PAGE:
Femtosecond Lasers Control Chemical Reactions

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VIENNA, April 25, 2014 — Hitting molecules with ultrafast lasers can affect electrons and trigger unaccustomed chemical reactions.

Researchers at the Photonics Institute of the Vienna University of Technology succeeded in directly inducing the splitting of hydrocarbons such as ethylene (C2H4) or acetlyene (C2H2) into smaller fragments using pairs of femtosecond pulses.

Researchers used a 50 fs pulse to first put the molecules in alignment, then a second, 5 fs pulse to change the state of electrons within the molecules or even ionize them.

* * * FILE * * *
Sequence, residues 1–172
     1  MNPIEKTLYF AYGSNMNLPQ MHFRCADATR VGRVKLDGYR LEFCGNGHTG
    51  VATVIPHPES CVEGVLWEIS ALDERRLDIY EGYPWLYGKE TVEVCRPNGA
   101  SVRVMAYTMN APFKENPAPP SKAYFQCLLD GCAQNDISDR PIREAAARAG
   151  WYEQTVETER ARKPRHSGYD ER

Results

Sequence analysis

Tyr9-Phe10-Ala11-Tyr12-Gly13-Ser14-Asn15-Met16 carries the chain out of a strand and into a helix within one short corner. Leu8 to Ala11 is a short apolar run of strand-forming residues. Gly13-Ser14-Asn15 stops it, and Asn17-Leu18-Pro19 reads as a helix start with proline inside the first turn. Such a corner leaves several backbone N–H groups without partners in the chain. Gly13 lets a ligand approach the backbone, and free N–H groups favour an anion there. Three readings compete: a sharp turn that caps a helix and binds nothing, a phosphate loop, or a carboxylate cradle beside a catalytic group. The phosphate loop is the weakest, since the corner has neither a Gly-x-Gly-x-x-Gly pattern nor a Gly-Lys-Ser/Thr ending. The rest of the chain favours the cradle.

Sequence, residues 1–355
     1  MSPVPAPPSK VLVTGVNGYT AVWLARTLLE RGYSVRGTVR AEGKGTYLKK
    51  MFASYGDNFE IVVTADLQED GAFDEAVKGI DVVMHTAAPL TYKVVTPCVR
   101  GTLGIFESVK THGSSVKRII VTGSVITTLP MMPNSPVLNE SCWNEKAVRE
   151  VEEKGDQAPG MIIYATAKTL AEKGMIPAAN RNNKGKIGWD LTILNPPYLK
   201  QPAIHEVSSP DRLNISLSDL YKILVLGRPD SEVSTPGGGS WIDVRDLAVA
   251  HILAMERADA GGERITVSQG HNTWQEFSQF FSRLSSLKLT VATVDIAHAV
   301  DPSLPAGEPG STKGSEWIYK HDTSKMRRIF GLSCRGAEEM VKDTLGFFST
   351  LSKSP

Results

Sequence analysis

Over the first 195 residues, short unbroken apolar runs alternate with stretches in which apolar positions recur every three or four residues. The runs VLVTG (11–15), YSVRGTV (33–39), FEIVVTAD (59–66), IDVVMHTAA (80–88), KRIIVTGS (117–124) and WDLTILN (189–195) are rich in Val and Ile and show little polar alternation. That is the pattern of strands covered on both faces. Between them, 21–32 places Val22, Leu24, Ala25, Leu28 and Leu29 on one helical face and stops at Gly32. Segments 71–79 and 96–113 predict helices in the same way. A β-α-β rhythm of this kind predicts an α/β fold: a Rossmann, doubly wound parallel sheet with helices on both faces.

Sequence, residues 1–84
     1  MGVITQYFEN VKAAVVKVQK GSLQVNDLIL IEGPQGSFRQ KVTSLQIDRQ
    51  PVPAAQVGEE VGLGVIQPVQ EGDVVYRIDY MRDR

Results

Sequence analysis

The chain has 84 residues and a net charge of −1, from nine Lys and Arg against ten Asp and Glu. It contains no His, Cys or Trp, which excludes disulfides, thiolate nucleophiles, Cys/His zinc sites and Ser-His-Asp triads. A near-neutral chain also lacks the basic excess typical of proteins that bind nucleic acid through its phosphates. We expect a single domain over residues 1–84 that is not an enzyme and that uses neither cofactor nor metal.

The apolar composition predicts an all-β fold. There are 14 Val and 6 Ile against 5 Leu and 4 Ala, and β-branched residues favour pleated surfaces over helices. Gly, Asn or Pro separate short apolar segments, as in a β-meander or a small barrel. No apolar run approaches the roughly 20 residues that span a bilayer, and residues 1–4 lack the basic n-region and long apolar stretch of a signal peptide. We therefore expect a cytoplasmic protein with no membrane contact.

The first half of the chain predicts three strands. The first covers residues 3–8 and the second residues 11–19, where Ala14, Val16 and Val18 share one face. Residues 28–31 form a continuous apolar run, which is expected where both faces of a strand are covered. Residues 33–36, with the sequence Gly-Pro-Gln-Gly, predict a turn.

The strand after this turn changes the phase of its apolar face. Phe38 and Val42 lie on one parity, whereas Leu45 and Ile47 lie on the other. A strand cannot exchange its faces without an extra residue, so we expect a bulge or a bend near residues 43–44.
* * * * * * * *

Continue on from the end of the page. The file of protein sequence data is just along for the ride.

Artist's rendering of an ultrafast laser pulse interacting with an ethylene molecule. Courtesy of the Vienna University of Technology.

This interaction is so short it does not have any discernable influence on the more massive atomic nuclei. However, the disturbance of the electron distribution can still initiate chemical processes and eventually separate the nuclei from each other. For instance, the researchers broke up C2H2 into CH2+, CH+ or carbon ions (C+).

“Various reaction paths are possible,” said Dr. Markus Kitzler, senior scientist at the Photonics Institute. “For the first time, we managed to distinguish these paths and select the reaction we want.”

Coincidence momentum imaging was used to detect ionic fragments.

The work is published in Physical Review X (doi: 0.1103/PhysRevX.4.021005). 

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Published: April 2014
chemicalsEuropefemtosecondImagingionizationMarkus KitzlerResearch & Technologyultrafast lasersVienna University of TechnologyLasers

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